No eSports At The Summer Olympics In Paris, For Now
There are good and bad news for gamers after the International Olympic Committee met for the 7th Olympic Summit in Lausanne. Which one do you want first? Let’s do the bad one. The IOC won’t include eSports competitions in the 2024 Summer Olympics to be held in Paris. But they did recognize they should no longer ignore the growth of popularity of eSports among younger generations.
The decision is not final; meaning the vote might turn at some point, just not right now. The two main issues the IOC has against eSports is the industry is commercially driven. They still believe the sports movement is values-based. They haven’t been able to decide if simulated games fall in the department of a real sport. “It was agreed that competitive gaming entails physical activity which can be compared to that required in more traditional sports,” an official statement from the IOC stated. “This, on the other hand, cannot necessarily be said to apply to leisure electronic gaming.
For this reason, the use of the term sport with regard to esports needs further dialogue and study.” The decision is disappointing to eSports enthusiasts, but the International Olympic Committee and the Global Association of International Sports Federations will invite investors of the eSports industry to create a committee to explore future joint projects. A few weeks ago we discussed the great news mentioning there will be eSports tournaments at the 2019 Southeast Asian (SEA) Games. That remains a huge step in the right direction for everybody.
The eSport Industry is swallowing the world
We saw it with Thunderpick’s creative way to get bettors from around the globe to wager on eSports. We also saw it with Unikrn getting a betting license to operate in about 20 countries across the world. The eSport industry is here and is not going anywhere.The gaming industry publisher Gzbrain Inc. reported that eSports market in Japan would grow beyond ¥10 billion or over $88 million in the next year.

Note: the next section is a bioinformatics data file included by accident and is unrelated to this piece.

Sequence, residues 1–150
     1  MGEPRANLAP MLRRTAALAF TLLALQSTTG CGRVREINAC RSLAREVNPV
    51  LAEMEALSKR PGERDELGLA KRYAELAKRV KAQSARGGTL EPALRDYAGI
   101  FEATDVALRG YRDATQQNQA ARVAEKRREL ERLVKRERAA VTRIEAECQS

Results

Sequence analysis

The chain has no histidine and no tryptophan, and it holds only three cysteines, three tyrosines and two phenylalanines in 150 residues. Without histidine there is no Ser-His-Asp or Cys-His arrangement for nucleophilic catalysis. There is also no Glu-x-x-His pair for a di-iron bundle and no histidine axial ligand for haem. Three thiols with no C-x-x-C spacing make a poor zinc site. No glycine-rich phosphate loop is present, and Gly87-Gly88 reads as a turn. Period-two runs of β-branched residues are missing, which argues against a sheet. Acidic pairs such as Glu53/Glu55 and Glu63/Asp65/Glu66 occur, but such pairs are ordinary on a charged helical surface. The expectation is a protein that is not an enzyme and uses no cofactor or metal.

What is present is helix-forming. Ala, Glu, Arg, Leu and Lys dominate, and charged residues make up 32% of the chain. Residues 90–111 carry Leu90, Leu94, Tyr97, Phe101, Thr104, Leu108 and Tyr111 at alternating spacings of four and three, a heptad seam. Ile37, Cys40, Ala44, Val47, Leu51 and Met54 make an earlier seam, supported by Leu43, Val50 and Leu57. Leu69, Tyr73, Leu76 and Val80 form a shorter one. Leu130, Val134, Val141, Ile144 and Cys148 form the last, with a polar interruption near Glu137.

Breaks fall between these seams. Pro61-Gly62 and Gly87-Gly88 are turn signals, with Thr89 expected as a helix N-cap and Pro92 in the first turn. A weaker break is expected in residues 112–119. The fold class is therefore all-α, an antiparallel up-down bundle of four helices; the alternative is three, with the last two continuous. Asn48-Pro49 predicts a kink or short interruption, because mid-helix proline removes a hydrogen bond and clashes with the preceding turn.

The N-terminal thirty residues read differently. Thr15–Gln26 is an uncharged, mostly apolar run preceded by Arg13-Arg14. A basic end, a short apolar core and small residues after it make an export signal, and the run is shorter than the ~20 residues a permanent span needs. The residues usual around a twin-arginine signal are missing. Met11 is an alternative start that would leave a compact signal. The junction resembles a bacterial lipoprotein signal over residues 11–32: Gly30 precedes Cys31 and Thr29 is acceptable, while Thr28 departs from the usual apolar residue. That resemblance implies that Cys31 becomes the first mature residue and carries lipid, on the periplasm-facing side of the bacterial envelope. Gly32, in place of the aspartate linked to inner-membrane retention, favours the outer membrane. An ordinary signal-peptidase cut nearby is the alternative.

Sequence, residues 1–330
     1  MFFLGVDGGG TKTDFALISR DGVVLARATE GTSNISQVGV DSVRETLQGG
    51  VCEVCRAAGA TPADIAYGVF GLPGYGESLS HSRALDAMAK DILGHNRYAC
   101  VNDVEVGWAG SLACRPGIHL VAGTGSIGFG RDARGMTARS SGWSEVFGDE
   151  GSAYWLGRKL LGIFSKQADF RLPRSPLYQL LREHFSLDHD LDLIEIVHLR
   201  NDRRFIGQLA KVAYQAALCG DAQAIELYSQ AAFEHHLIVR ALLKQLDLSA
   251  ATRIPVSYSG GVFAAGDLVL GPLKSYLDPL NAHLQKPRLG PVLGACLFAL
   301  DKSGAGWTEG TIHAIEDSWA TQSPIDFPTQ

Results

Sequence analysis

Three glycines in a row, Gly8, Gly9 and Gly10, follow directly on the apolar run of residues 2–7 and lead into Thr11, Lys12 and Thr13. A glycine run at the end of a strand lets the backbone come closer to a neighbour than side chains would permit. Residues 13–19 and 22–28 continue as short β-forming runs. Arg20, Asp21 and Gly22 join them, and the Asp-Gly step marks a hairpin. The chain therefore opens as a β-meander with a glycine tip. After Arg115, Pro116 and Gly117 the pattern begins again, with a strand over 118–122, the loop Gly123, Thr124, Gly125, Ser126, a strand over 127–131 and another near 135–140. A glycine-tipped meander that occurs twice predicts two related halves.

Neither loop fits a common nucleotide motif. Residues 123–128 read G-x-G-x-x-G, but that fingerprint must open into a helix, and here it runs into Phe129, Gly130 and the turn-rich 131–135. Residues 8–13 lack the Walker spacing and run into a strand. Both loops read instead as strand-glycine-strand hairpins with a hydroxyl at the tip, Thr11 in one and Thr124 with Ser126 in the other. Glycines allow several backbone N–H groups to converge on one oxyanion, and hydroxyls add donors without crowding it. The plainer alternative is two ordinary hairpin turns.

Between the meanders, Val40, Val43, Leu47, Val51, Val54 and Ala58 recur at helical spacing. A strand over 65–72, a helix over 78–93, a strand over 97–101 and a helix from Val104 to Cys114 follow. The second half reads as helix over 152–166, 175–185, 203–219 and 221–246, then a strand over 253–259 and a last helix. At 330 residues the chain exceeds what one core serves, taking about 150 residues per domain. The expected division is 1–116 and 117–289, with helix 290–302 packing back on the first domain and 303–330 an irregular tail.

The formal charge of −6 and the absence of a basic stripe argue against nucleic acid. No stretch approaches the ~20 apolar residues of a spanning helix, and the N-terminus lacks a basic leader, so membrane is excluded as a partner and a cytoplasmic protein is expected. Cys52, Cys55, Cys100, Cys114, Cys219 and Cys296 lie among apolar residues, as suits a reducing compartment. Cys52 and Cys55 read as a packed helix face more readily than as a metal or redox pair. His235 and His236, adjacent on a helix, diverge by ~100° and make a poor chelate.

They did a survey that said domestic players are “training” to get into the pros’ level. In Canada, the Calgary eSports League has announced a partnership with Telus Spark to bring eSports tournaments to their science center.“Almost all of the elements are in place for a healthy eSports community in Calgary, they just need to be brought together and given a boost in order to thrive,” Wes Nelson, spokesman for the Calgary eSports League.
In California, Becker College will officially begin its eSports management program next fall. They have a video game design program with 600 students, and around 100 students take part in esports clubs. “Not only will they find jobs, but they’ll help define what the industry is,” said Tim Loew, the general manager of Becker’s varsity eSports program. “If I were a student,” he said, “I’d find that really exciting.” There is money for everybody here; the players, the organizations and, of course, the sportsbooks where online betting is legal.